The facts about the happenings in Delhi on January 26 are yet to be fully ascertained and should be investigated into by an independent commission headed by a judge – a demand made by many. There is a suspicion in the minds of the agitating farmers that the BJP planted its agents-provocateurs in their midst, who raided Red Fort and hoisted a religious flag to defame their movement. Their suspicion is well-based, since the person accused of the act – Deep Sidhu, an actor-turned-political activist – was seen till recently campaigning on behalf of a BJP candidate during elections. Under pressures from social activists who released CCTV footages that showed Sidhu raiding Red Fort, the Delhi police have arrested Sidhu. It is yet to be seen how the Union Home Minister Amit Shah (who presides over the Delhi police) rescues his party’s one-time protégé.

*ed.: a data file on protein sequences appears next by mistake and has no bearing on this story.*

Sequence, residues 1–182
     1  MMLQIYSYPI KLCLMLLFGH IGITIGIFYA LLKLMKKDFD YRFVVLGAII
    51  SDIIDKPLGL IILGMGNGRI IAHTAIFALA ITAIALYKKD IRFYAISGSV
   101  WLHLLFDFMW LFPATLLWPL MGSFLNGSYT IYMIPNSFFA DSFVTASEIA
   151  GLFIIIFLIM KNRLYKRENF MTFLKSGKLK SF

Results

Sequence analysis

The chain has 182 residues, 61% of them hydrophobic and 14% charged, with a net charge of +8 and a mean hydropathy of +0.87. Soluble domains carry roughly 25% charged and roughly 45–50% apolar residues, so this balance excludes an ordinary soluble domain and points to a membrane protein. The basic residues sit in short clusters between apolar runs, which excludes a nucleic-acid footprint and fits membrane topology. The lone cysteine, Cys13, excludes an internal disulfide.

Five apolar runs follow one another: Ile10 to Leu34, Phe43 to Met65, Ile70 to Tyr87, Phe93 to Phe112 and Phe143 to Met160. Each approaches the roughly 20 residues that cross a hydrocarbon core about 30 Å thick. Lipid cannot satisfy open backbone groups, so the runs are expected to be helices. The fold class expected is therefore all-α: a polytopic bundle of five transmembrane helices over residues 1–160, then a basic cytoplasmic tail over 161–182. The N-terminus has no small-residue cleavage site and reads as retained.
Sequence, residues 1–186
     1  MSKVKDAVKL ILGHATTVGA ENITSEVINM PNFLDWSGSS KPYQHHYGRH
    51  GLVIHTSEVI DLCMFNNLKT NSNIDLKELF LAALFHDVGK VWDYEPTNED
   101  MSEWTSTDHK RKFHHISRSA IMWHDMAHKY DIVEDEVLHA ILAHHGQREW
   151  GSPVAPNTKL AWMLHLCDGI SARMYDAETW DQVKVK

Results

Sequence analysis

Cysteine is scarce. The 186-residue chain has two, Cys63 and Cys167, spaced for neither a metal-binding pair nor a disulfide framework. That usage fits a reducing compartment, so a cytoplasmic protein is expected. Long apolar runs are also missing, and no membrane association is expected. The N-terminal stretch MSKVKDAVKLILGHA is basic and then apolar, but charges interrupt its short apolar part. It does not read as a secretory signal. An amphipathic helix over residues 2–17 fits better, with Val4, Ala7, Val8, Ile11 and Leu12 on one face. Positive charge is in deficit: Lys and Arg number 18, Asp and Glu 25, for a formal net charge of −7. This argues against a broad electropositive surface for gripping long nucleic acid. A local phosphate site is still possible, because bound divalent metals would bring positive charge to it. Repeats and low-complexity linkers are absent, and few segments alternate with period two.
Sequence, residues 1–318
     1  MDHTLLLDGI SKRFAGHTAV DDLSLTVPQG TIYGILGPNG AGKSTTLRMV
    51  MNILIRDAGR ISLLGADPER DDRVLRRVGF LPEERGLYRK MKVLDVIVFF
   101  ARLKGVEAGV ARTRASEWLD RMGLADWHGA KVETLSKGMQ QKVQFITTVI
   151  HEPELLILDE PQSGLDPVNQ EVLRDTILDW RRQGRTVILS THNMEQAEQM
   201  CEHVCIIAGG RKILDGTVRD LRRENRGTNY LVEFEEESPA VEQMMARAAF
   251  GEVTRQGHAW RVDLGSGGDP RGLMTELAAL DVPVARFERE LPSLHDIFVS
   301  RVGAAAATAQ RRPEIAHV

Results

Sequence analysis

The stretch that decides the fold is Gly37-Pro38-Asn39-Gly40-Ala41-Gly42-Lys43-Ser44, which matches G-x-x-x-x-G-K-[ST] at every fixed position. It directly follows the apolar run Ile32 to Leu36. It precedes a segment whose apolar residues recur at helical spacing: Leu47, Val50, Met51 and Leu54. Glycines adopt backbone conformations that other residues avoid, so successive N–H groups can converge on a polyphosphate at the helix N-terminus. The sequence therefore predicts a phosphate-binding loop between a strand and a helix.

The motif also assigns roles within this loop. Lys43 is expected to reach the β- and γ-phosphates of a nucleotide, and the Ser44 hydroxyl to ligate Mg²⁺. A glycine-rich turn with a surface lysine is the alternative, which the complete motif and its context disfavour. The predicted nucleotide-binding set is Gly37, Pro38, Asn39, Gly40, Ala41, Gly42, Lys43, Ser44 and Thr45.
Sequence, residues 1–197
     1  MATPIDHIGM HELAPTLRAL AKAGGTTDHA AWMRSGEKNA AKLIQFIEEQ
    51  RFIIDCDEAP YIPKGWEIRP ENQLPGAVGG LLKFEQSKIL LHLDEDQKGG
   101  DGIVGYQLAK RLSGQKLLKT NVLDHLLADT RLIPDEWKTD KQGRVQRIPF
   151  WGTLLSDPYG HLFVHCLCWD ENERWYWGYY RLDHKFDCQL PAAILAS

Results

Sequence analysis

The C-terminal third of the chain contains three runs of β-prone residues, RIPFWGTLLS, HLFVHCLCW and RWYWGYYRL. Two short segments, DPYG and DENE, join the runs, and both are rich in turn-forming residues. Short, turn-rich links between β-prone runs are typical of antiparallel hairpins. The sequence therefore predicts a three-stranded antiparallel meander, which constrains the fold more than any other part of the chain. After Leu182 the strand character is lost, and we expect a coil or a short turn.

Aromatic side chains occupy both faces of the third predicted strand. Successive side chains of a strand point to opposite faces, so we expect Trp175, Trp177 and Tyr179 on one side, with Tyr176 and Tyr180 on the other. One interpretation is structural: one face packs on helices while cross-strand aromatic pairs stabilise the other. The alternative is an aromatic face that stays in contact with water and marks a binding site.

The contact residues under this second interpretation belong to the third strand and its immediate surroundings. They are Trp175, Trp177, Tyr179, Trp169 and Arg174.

Meanwhile, how is Narendra Modi going to reinforce his role as a performing artiste ? His audience seems to be getting increasingly disenchanted with his old theatrical `mudras,’ as evident from the mass upsurge of the farmers. Other discontented sections of the people who are still silent, may break out into protests. Is his image as a political artiste wilting under these pressures ? How will he reinvent himself in yet another role as a performer during the next three years to win over the audience in 2024 ?

Sumanta Banerjee is a political commentator and writer, is the author of In The Wake of Naxalbari’ (1980 and 2008); The Parlour and the Streets: Elite and Popular Culture in Nineteenth Century Calcutta (1989) and ‘Memoirs of Roads: Calcutta from Colonial Urbanization to Global Modernization.’ (2016).